So far I’ve come up with these possibilities:
1 - Contact our MLA, Minister responsible for Canada Post, and Prime minister’s office (or US equivalents) to express our concerns.
This is a federal issue, so you would have to contact your Member of Parliament, not your provincial MLA. Yes, we agree that this should be done. We intend to contact our MP.
2 - Contact mail order seed companies in Canada and US for co-ordinated efforts and to get ideas. Is there an association of these companies?
The Canadian Seed Trade Association is aware of the matter but at a teleconference I attended recently it seemed to me that the CSTA did not fully understand the risk that its members face. Irradiation was not even on the agenda, though I did bring the issue up. Like the spokesperson from McKenzie Seeds in Winnipeg who was quoted in the Globe and Mail recently as saying that the company did not believe that there was much risk to seeds, I think that the CSTA has not fully woken up to the danger, or at least not as of two weeks ago when the conference was held.
(To be fair, the CSTA is fighting a battle with potentially more at stake for Canadian companies. The U.S. has announced that it will begin requiring phytosanitary certificates on all seed shipments from Canada starting on January 22, 2002. This was one of the focusses of the teleconference meeting.)
3 - Talk to Canada Post (or USPS) representatives regarding the possible loss of revenue if seed (and electronics and film) shipping by mail becomes impossible.
Agreed. On the Canadian side we need to establish what decisions if any have been made vis-a-vis irradiation. On the U.S. side we do know that the decision to install radiation equipment has already been made; so we need to establish how the system will work and what measures are being taken to safeguard sensistive mail.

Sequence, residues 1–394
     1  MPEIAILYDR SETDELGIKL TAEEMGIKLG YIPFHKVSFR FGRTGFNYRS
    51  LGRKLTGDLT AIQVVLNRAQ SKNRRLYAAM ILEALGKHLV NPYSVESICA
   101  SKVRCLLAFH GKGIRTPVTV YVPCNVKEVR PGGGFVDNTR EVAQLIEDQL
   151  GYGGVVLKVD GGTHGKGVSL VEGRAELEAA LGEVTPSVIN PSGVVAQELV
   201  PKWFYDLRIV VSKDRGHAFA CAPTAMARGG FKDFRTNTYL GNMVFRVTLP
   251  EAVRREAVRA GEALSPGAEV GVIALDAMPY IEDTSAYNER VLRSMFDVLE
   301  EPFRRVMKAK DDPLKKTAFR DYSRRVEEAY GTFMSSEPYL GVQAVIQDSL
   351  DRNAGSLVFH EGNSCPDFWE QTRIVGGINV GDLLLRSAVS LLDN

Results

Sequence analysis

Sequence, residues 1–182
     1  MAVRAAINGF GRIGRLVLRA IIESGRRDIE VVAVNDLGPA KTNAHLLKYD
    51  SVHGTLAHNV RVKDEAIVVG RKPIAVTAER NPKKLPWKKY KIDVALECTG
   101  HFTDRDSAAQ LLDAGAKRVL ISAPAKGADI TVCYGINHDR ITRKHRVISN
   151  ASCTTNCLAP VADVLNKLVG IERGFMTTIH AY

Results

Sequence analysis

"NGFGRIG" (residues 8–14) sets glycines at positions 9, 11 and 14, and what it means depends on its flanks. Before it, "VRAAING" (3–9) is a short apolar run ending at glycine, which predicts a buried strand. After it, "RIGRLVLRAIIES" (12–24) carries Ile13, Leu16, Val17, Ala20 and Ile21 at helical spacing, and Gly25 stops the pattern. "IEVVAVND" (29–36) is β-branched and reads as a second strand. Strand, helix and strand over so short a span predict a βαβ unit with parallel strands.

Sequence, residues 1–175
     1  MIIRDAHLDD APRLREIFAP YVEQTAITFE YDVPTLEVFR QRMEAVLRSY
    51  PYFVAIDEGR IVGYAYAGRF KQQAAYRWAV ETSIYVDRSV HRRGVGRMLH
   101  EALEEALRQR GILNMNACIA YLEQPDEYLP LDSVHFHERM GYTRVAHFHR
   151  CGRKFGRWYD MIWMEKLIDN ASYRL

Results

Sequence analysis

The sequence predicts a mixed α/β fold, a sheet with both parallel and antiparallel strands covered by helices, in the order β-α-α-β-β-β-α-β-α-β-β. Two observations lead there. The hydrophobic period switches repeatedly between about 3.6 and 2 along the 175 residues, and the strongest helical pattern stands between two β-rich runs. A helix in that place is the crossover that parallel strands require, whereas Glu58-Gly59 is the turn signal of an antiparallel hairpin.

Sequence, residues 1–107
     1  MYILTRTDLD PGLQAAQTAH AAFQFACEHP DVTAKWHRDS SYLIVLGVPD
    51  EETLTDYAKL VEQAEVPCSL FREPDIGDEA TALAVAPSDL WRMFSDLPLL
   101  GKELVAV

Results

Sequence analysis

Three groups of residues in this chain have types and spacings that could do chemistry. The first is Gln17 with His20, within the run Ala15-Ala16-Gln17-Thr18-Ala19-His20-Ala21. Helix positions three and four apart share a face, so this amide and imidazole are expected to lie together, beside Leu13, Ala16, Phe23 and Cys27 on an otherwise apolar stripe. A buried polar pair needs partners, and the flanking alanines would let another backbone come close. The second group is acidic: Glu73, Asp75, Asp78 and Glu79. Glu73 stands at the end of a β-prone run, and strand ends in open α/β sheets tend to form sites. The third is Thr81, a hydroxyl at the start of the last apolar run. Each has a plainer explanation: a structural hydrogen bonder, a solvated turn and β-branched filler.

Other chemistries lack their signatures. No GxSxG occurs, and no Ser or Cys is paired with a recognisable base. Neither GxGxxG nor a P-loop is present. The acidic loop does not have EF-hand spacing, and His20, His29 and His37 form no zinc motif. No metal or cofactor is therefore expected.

Any suggestions, etc. appreciated.
At Richters we are developing alternative plans for getting our seeds and plants to our customers. Even if the worst case scenario comes into being, we will still be able to deliver our products to our customers, though we may have to apply a delivery surcharge on some orders. As mentioned, we are closely monitoring the situation and will adjust our shipping policies on an as-needed basis.
On a limited scale we have tried to inform gardeners and garden writers on the Internet in the hope that they might help add political pressure. But my impression is that there is not a great deal of alarm about the prospects of not being able to buy seeds and plants by mail. It seems that people are resigned to buying locally or pay the extra shipping charges for getting product by alternative means.
We are trying to make contacts with Agriculture Canada and other federal government officials to see what lobbying efforts are or can be made. We are hoping to open up an information channel to the government’s discussions with the U.S. on this issue. If you and other seed companies are interested, we would be happy to share information; and possibly we would participate in any coordinated lobbying action. If you have received interest from other mailorder companies perhaps we could start something by sharing information by email.